brand new, very unknown journal. I have never explored this chance as an author, but was nevertheless curious enough to navigate within the websites of these journals and editors. They appear well organized, interesting, priced as any other successful journal. Often, going through their indexes, I am fascinated by inspired titles, attracting my curiosity to go through the data. However, maybe as a consequence of my experience with NMCD, these data are too often poorly presented or discussed, frequently achieving undemonstrated conclusions. Do these journals contribute to science? Does this unﬁltered and perhaps inappropriately reviewed mass of data add knowledge to our work? You probably will agree with me that the answer is the same: very little. So, why are these on-line journals published? The reason is a very simple one: business. Publishers well recognized the compulsive craving for publications of scientists worldwide, all following the bad practice of “publish or perish”, and simply satisfy them, asking the same fees required to get an “open access” article on the most prestigious journals. Yet, business is also the aim of NMCD’s Publisher; but Elsevier managers recognize that, without good science, their journals will lose their prestige, and they their business. I am conﬁdent they’ll do their best to improve their journals, including our NMCD. Some kind of ﬁltering should be performed, but who has enough authority to govern such important ﬁlter? Further, ﬁltering means censorship, which evokes more of an oligarchic government than democracy, and scientiﬁc oligarchy is most probably the major obstacle to scientiﬁc progress. Nevertheless, ﬁltering does take place already. In fact, if your paper is not on PubMed, or Scopus, it is not reachable, it does not exist. Those a bit older like me will certainly remember the hours spent on Index Medicus or Current Contents. The delivery of the last issue of our favorite journal was expected as the event of the month, and reading the chosen articles was more attractive (at least to me) than Umberto Eco’s best novel. Now with PubMed and Scopus it is all much easier, even too easy. Again no ﬁlter is set and all reported articles are posted at the same level of importance; how many times have you tried to go through a search on PubMed with a couple of keywords, getting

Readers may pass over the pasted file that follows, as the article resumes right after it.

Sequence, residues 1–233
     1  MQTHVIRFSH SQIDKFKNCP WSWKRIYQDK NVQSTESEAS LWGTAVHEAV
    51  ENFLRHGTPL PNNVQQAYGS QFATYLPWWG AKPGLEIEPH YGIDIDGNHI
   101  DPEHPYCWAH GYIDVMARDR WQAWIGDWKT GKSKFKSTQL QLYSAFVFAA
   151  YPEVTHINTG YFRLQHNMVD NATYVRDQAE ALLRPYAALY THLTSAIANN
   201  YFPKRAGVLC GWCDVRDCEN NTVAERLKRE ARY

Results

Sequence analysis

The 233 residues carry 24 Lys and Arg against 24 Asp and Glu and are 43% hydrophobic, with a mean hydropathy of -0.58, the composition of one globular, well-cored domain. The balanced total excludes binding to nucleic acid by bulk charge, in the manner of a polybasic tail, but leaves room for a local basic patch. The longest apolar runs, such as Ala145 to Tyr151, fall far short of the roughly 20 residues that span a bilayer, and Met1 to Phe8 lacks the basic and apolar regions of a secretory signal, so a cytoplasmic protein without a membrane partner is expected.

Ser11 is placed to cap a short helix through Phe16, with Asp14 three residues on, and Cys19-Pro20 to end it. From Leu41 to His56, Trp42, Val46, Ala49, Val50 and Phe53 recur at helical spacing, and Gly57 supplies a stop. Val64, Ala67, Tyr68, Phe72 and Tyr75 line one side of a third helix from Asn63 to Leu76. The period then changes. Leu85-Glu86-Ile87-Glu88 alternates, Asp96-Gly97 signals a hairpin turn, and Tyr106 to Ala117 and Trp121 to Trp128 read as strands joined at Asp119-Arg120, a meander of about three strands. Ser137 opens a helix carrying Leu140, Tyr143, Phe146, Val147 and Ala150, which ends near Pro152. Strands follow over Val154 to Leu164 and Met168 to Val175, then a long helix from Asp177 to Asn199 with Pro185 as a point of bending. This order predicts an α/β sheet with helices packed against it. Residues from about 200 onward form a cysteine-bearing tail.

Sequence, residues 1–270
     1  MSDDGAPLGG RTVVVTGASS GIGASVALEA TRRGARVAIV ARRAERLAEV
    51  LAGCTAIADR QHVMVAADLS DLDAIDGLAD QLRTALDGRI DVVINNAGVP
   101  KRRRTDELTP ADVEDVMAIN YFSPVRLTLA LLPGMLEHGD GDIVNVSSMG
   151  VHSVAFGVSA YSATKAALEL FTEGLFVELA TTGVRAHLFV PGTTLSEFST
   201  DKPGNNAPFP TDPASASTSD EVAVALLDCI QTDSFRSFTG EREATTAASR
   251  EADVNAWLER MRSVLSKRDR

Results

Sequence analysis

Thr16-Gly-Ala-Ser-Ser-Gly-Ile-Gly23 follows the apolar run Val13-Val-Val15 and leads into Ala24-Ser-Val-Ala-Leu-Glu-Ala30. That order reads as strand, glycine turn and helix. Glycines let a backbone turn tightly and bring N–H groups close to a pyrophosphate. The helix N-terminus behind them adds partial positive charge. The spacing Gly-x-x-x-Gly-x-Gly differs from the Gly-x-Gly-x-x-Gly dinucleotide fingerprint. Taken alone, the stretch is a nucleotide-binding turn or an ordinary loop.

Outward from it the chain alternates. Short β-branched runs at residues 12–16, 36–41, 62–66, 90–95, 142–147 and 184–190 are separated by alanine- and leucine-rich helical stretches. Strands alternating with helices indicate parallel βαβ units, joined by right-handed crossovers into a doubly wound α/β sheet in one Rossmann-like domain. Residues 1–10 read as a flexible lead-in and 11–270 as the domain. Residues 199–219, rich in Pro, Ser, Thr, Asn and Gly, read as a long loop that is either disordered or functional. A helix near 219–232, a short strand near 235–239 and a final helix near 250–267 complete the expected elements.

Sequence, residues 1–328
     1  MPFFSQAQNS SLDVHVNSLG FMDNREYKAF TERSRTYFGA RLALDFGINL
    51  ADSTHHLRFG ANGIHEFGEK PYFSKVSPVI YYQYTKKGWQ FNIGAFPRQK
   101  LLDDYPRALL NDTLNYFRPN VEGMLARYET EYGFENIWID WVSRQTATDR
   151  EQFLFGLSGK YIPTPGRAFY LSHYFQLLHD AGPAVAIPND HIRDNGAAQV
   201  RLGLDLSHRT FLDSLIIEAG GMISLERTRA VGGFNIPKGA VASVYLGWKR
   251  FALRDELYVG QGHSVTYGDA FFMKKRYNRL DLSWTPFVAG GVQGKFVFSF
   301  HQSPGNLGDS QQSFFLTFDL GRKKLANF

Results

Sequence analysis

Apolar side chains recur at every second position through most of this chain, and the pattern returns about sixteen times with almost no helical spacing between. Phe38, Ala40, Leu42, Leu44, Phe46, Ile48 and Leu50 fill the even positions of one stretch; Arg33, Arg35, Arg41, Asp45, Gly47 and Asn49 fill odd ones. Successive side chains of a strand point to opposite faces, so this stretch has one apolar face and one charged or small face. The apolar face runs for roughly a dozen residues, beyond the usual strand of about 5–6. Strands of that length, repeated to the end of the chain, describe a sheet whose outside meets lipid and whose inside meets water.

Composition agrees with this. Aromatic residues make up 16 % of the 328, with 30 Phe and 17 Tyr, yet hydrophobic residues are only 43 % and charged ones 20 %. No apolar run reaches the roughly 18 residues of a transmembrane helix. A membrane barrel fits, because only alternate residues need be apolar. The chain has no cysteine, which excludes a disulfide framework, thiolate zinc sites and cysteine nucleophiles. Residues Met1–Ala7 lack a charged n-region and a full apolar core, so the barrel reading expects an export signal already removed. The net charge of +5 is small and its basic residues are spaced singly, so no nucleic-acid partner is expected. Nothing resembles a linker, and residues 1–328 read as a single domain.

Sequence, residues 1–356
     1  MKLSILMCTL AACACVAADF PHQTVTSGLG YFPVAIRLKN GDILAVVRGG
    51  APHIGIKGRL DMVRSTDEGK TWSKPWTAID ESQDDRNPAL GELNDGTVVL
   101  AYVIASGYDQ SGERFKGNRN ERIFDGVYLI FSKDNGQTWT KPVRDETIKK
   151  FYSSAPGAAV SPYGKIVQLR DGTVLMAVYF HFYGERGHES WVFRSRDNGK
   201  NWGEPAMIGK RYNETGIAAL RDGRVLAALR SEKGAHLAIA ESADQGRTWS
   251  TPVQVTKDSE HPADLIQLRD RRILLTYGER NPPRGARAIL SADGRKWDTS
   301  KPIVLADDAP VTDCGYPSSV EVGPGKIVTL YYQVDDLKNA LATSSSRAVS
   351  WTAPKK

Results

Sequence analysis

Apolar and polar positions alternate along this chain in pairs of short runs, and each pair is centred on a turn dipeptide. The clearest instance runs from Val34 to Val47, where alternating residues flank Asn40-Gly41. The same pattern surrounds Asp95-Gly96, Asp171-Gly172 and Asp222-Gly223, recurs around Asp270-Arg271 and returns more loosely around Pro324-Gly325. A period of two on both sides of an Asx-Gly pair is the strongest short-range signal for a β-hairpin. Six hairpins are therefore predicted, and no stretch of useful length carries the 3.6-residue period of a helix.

tons of references on unknown journals? I might be too pretentious, but how many times do my students come up with the last review on the “World Journal of Internal Medicine” (with an IF < 1) instead of the NEJM? I do not like the Impact Factor. It certainly certiﬁes quotations, but not the true impact of a journal or an article. Similarly, I hate the Hirsch Index, which mostly certiﬁes proliﬁcacy of colleagues, but is far from ascertaining their validity. Further, age fosters HI; age-corrected Hirsch Indexes have been generated, but they are not worth the time it takes to calculate them. Nobel Prizes are not based on HI. One day a fortunate scientist will publish the cure for type 1 diabetes. He or she will win, later on, the Nobel Prize, even if the original article will value an HI of just 1. However, I believe, all colleagues choose the journal to publish their best work mostly based on the Impact Factor. If NMCD’s IF stays at least as high, more colleagues will submit their work, giving us the chance to choose, hopefully, the best science. Therefore, keeping NMCD’s IF high is probably the best tool for an EiC to keep high the level of science. Although the IF should be my major mission, there is not much I can do for the very next years. Just as a reminder, a journal’s IF is the ratio between citations and articles of the two preceding years. Starting my appointment in 2015, “my very own” IF will be published only in
June 2017, six months before the end of my mission. Nevertheless, as new Editor-in-Chief, I will do my best to keep our IF as high as possible. Because being here is a privilege, even just for the opportunity to read all the articles, reviews and rebuttals. How will I accomplish this difﬁcult job? In 2014 we received about 700 submissions, with room enough to publish less than 20% of them. A difﬁcult task. Each time I ask myself, the CoEditors, Associate Editors and hundreds of referees: “Do these data contribute to our knowledge? Will they generate new ideas? Will they help our profession or our patients?” If the answer is yes, we’ll go for it. No matter if the data are unpublished or novel, they might be such just because nobody cares! NMCD is the only journal that sails along the winds coming from Nutriton, Metabolism, Diabetes and Cardiovascular Diseases. These winds will never end. And now, welcome aboard for the next journey. Andrea Giaccari, Editor-in-Chief Nutrition, Metabolism and Cardiovascular Diseases, Università Cattolica del Sacro Cuore, Policlinico Gemelli, Rome, Italy E-mail address: [email protected]